Open access peer-reviewed chapter

The Impact of Fetal Echocardiography on the Prognosis of Congenital Heart Disease

Written By

Maria Giovanna Russo, Fiorella Fratta, Antonia Giudicepietro, Carmela Morelli, Fortuna Del Gaizo, Laura di Pietto, Marina De Marco, Ludovica Spinelli Barrile and Federica De Fazio

Submitted: 01 March 2022 Reviewed: 06 April 2022 Published: 17 May 2022

DOI: 10.5772/intechopen.104828

From the Edited Volume

Congenital Heart Defects - Recent Advances

Edited by P. Syamasundar Rao

Chapter metrics overview

177 Chapter Downloads

View Full Metrics


Congenital heart disease (CHD) represents the group of the most common malformations detected both prenatally and after birth. Although progress in the management and treatments of CHD, it still remains a significant cause of neonatal morbidity and mortality. However, the recent improvement in the diagnosis and therapy of CHD represents one of the most important successes of cardiac surgery and medical treatment. Accordingly, in the last twenty years, the number of patients with CHD who have reached adulthood has increased significantly and even surpass the number of affected pediatric patients, due to the extraordinary progress in the diagnostic, clinical, and surgical technologies. In particular, the ultrasound study of the fetal heart allows a diagnosis of CHD in the prenatal period, significantly improves perinatal outcomes in infants with critical CHD, and enables a reduction in stillbirth.


  • Congenital heart disease
  • fetal echocardiography
  • invasive fetal cardiac intervention
  • counseling

1. Introduction

Congenital heart disease (CHD) is the most common malformation detected prenatally and at birth. Generally, estimated incidence is approximately 10/1000 of live births and is significantly higher in premature infants and in stillborn [1]. Although remarkable progress has been made in the diagnosis and treatment of this condition, it still remains a significant cause of neonatal morbidity and mortality. Congenital malformations of the heart are a broad spectrum of defects varying from mild lesions that produce only minimal or no symptoms and might be incidentally detected in adult life to severe anomalies that cause premature death. There are many factors that increase the risk of having a child with CHD. The etiology of CHD can be separated into genetic and non-genetic forms. Epidemiological studies have suggested that a genetic or environmental cause can be identified in approximately 30% of CHD cases [2]. Approximately 17% of CHD occurs in association with a well-defined syndrome such as trisomies 13, 15, 18, 21 and Turner syndrome [3]. Some environmental factors have been identified as responsible for CHD such as congenital rubella infection or teratogenic drugs [2]. However, the majority of cases remain unexplained, probably due to some combination of genetic and environmental factors [4].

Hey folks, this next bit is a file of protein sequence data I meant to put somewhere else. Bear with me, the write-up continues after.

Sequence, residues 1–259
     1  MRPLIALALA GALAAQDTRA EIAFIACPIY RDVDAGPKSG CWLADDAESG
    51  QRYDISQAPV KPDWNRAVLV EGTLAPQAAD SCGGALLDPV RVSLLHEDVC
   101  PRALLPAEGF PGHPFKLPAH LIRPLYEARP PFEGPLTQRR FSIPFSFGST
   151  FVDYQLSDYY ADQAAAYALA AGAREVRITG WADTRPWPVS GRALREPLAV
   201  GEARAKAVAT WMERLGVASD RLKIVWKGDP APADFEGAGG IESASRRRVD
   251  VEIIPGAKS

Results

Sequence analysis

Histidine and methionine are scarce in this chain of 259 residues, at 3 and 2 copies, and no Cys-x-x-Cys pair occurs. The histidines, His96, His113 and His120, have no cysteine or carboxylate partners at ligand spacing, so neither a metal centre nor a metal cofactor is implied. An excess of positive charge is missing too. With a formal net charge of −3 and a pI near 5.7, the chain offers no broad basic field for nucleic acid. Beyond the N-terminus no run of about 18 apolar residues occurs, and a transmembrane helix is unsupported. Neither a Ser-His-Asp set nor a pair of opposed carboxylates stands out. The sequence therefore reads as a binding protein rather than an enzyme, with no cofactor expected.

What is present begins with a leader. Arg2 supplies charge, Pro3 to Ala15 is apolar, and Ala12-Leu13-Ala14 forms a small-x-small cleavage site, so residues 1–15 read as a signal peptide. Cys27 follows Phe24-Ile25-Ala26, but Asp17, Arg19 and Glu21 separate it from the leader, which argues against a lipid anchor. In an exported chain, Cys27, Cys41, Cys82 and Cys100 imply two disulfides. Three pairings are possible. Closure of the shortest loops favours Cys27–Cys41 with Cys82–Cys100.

The main classification of CHD includes:

  • Left-to-right shunt leading to an increased pulmonary flow

  • Reduced pulmonary blood flow

  • Transposition of the great arteries

  • Left and right heart obstruction

  • Duct dependent pulmonary or systemic circulation

In this chapter, we will discuss in detail the importance of fetal echocardiography and the fundamental impact of early detection and interventions during fetal life on postnatal outcomes. We will also discuss the importance of adequate counseling in order to allow parents to understand the condition, to support them in the most difficult decision to interrupt or keep pregnancy, to offer extensive information on available therapeutic options, and prevision of data on outcome and quality of life.


2. Fetal echocardiography, impact on the prognosis